Sunday, September 11, 2016

Book Review: Go Set a Watchman by Harper Lee

I was so excited when I heard that there was a sequel to the book, To Kill a Mockingbird. I was also excited when my fiance surprised me with this book, because I have been wanting to read it for a year now, but finally got some extra time! Here is brief review of Go Set a Watchman by Harper Lee. (Warning! You may encounter spoilers!)

Brief Background:

Go set a Watchman is the sequel to Harper Lee's first novel, To Kill a Mockingbird, which first was published in 1960. Even though this book is the sequel, it was actually written before the first. Publishers rejected "Watchman,"and her editor wanted her to create a younger version of Scout, rather than older. Some have also said that Harper Lee may have not wanted the book to be published, but we can never know for sure. You can read a brief article about it from Today News. This book takes place about 16 years after "Mockingbird" in about the 1950's when the civil rights movement was occurring.

Things that were Good:

 The first thing that I and every other reader can really appreciate  from this book and the author, is that Jean Louise didn't change, but rather she grew up. For example, she still has her southern accent and still is rambunctious as ever, but we can see that she has grown not only as a woman, but as a person. She puts that rambunctious nature of hers, into something that she believes in, which is equal rights. She is all for the equality of people and no one can change her mind, not even her father.

The overall premise of the story is one that people can relate to right now, civil rights and equal rights. We still have this problem today, maybe not in the same way, but people can still relate to this book that was written over 50 years ago. I find it interesting how one problem back then is just a more broad problem now.

The feelings in this book are so real and so detailed that the reader will find it hard not to find an emotional connection, especially if they have read "Mockingbird." There are handfuls of moments where one can relate to, especially people coming of age. With relatable moments, comes likewise quotes:
"With her head on his shoulder, Jean Louise was content. It might work after all, she thought. But I am not domestic. I don't even know how to run a cook. What do ladies say to each other when they go visit? I'd have to wear a hat. I'd drop the babies and kill 'em" (page 80).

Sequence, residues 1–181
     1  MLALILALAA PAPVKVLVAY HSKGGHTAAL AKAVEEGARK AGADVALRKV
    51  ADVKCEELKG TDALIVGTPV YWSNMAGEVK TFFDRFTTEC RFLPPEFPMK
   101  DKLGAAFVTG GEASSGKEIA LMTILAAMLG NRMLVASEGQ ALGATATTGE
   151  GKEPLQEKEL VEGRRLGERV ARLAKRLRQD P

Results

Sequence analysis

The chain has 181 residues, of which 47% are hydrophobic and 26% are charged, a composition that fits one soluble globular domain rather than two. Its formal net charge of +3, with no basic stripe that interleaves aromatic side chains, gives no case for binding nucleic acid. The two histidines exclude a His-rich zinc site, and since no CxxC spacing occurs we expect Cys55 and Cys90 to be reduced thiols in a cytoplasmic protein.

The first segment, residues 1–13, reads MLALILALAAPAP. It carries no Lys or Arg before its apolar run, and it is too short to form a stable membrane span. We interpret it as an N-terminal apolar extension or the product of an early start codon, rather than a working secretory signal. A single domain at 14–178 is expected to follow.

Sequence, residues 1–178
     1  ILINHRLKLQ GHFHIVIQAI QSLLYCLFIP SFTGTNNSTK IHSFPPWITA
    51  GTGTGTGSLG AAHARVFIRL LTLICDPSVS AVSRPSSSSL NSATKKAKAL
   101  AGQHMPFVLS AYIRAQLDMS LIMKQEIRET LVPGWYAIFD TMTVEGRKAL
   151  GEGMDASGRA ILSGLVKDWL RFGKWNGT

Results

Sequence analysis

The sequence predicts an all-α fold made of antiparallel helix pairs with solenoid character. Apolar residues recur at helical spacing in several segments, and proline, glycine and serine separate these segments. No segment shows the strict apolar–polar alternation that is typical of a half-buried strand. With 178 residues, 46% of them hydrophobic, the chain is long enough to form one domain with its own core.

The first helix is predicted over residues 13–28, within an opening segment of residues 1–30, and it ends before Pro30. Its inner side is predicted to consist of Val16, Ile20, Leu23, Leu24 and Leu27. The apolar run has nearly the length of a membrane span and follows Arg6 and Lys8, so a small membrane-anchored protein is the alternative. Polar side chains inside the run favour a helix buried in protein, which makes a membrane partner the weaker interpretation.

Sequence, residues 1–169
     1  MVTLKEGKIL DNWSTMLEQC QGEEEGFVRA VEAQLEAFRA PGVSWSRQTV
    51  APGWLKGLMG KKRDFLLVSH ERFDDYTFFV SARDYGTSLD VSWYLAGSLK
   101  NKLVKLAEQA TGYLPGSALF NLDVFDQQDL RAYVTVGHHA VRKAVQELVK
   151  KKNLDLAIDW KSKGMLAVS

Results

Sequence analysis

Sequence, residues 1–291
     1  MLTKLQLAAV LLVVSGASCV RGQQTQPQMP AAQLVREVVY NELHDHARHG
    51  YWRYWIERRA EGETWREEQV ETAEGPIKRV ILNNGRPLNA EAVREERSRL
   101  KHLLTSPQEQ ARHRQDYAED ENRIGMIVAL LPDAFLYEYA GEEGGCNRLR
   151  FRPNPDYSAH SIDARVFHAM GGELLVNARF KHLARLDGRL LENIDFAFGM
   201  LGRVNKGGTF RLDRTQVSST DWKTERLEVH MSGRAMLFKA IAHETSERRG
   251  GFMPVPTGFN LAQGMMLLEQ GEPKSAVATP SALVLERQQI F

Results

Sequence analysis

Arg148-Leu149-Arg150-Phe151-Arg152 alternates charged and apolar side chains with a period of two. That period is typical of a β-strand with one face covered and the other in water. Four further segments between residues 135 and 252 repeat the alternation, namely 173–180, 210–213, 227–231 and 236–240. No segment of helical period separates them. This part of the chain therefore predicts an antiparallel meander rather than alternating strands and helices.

During this quote, Scout is getting overwhelmed on all things she might have to conform to if she gets married. I know that every girl and even guy has these thoughts at one point or another.

One last thing that I really want to address are the flashbacks. The flashbacks are not particularly from the last book, but they give more story to Scout and Jem when they were younger. Using flashbacks for this book was a nice aspect and one that a reader can appreciate. 

What was least enjoyable:

I would have to say that the only unappealing aspect to this book was one chapter in particular. Chapter 14, at least to me, was one that I wanted to skip. It did not make sense to me and I still could not figure out what Jack was trying to tell Scout. I felt that the text was too wordy and too much history that a lot of readers may not know or really care to know. I just did not find this part useful in any way.


What tugged at the heart strings: 

Everything! UGH! I had to make a category for this, that's how emotional this book was! Let's clear the air with Jem. I really was expecting him to be dead in this book. I was really excited to see how BOTH Jem and Scout grew up, but found myself sad to learn of his passing away so early in life. Another small, but sad aspect is the Finch house. They took it down and moved away from their land and the very place they grew up. Then there's Calpurnia, who hasn't worked for the Finch's since Jem's death. We see her in a more cooped up space in her house, with her fragile bones and white hair. One might find themselves shedding a tear in this scene. The last and most gut wrenching things,in my opinion, has to be Atticus. We know that he was already an older man back in "Mockingbird," but to see him now in this story is a little saddening. Where he once was a strong and tall, he now is cripple and showing his age:
"Jean Louise shook her head. She was too old to rail against the inequity of it, but too young to accept her father's cripplng disease without putting up some kind of fight"(Page 10).


Overall, I felt that this novel was well written and was a brilliant transition from the last novel, in terms of content and characters. This book made me happy and sad, but either way I could not put it down. There were funny quotes, such as, "Go away, the old buildings said. There is not place for you here. You are not wanted. We have secrets"(Page 111). I did notice a small typo on page 120:"Two solid hours and I didn't know where I was. I am so tired." It's not that I am a grammar nazi, it's just I found it funny. Maybe Harper Lee was actually tired in real life and put that in there. Maybe it took Lee a long time to publish this because it wasn't the right time. Maybe she knew that years down the line, society would need to read a book like this. I enjoyed this novel very much and I found it bittersweet when it ended, thought I feel that way with all the books I read.

For thus hath the Lord said unto me,
Go, set a watchman, let him declare what he seeth 
Isaiah 21:6